constraint.

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Modelling Regular Constraints with ASP
1   new atoms qk (i) for each state qk and 0 ≤ i ≤ n
2   for each transition δ(qj , t) = qk and 0 ≤ i ≤ n
qk (i) ← qj (i −1), [[vi → t]]
d(qj , qk , i) ← qj (i −1), qk (i)
3   encode support for vi → t (being part of M’s processing)
q0 (0) ←
⊥ ← qrej (n)                                           ∀qrej ∈ Q \ F
⊥ ← [[vi → t]], not d(qj1 , qk1 , i), . . . , d(qjm , qkm , i) .

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Modelling Regular Constraints with ASP
1   new atoms qk (i) for each state qk and 0 ≤ i ≤ n
2   for each transition δ(qj , t) = qk and 0 ≤ i ≤ n
qk (i) ← qj (i −1), [[vi → t]]
d(qj , qk , i) ← qj (i −1), qk (i)
3   encode support for vi → t (being part of M’s processing)
q0 (0) ←
⊥ ← qrej (n)                                           ∀qrej ∈ Q \ F
⊥ ← [[vi → t]], not d(qj1 , qk1 , i), . . . , d(qjm , qkm , i) .

Theorem
Regular is satisﬁable iﬀ our encoding has an answer set.

Theorem
Unit-propagation on our encoding enforces domain consistency on
regular in O(|Q|nd) down any branch of the search.
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The Precedence Constraint

The precedence constraint is a special case of the regular
constraint.
is used for breaking symmetries of interchangeable values in a
CSP (values are interchangeable if we can swap them in any
solution).

Deﬁnition
precedence([t1 , . . . , tm ], [v1 , . . . , vn ]) holds iﬀ
min({i | vi = tk } ∪ {n + 1}) < min({i | vi = t } ∪ {n + 2})
for all 1 ≤ k < < m.

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Modelling Precedence Constraints with ASP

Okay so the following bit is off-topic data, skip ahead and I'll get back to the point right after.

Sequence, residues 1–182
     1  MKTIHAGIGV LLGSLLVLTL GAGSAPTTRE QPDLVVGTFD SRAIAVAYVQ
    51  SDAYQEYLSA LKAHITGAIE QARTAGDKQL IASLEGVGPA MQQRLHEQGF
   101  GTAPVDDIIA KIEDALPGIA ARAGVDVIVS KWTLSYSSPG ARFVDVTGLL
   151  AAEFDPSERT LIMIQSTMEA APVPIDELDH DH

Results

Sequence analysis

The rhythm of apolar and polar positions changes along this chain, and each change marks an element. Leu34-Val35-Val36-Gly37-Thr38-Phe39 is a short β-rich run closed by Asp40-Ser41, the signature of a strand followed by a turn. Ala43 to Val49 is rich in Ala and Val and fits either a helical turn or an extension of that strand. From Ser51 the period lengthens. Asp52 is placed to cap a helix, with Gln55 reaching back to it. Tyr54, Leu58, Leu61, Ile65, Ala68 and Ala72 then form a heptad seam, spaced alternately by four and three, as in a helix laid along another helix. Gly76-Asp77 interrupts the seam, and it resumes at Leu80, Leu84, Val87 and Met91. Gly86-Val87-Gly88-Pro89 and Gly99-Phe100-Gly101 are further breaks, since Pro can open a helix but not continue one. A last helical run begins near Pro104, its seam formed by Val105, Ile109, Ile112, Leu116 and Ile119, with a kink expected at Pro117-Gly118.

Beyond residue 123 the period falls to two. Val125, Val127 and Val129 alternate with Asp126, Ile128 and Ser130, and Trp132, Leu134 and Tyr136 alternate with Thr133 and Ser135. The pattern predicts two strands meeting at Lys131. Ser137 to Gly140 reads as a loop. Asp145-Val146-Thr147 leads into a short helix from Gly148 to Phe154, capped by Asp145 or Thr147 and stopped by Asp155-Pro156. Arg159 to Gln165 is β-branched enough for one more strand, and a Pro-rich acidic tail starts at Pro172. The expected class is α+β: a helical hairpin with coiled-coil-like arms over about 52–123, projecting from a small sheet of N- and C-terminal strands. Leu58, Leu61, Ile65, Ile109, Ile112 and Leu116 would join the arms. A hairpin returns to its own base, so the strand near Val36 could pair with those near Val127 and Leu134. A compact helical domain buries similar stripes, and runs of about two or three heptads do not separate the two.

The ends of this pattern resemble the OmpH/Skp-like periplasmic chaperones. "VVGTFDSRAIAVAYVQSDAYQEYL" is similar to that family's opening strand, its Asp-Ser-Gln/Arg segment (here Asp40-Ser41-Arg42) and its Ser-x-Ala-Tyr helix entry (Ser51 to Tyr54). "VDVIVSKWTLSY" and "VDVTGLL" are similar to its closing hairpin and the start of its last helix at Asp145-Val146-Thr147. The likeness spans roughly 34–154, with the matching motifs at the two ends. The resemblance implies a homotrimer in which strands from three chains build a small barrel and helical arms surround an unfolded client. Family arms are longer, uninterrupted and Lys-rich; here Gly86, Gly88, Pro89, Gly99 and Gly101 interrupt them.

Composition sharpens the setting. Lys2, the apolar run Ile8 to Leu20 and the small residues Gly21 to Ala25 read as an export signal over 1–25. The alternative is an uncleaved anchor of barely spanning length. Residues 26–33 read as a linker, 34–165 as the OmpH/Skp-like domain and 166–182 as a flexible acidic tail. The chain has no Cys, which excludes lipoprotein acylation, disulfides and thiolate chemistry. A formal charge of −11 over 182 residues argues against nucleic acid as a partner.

1   new atom taken(t , j) for each t and 0 ≤ j ≤ n indicates
whether vi → t for some i < j
2   tj has been taken if vi → tj , 1 ≤ i ≤ n

taken(tj , i +1) ← [[vi → tj ]]

taken(tj , i +1) ← taken(tj , i)
3   encode precedence condition, for all 1 ≤ k < ≤ m

⊥ ← [[vi → t ]], not taken(tk , i)

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Modelling Precedence Constraints with ASP
1   new atom taken(t , j) for each t and 0 ≤ j ≤ n indicates
whether vi → t for some i < j
2   tj has been taken if vi → tj , 1 ≤ i ≤ n

taken(tj , i +1) ← [[vi → tj ]]

taken(tj , i +1) ← taken(tj , i)
3   encode precedence condition, for all 1 ≤ k < ≤ m

⊥ ← [[vi → t ]], not taken(tk , i)

Theorem
precedence is satisﬁable iﬀ our encoding has an answer set.

Theorem
Unit-propagation on our encoding enforces domain consistency on
precedence in O(m2 n) down any branch of the search.
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Experiments on Graph Colouring
Benchmark Domain:
randomly generated 3-, 4- and 5-colouring instances
600 instances around the phase transition density with 400,
150, 75 vertices, respectively
Options:
all uses our ASP encoding for the precedence constraint
to break all value symmetry
pairwise posts precedence constraints between pairwise
interchangeable values
none breaks no symmetry
generic employs sbass for symmetry breaking in terms of
generators

Setting:
2.00 GHz PC/Linux, runs limited to 600s time
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Experiments on Graph Colouring (ctd)

35
none
30                                          generic
pairwise
25                                               all
time (s)

20
15
10
5
0
2.25   2.30        2.35       2.40       2.45     2.50
graph density (3-coloring)

Average time required to solve random 3-colouring instances near
the phase transition density

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Experiments on Graph Colouring (ctd)

45
none
40                                          generic
35                                          pairwise
30                                               all
time (s)

25
20
15
10
5
0
5.60   5.80        6.00       6.20       6.40     6.60
graph density (5-coloring)

Average time required to solve random 5-colouring instances near
the phase transition density

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Conclusions

We have modelled grammar, regular, and precedence
constraints with ASP. Our encodings

are elaboration tolerant: permit to apply results from formal
language theory, e.g., standard techniques for automaton
minimisation

are optimal: the best known constraint propagators have the
same runtime complexity

are experimentally proven to be eﬀective and eﬃcient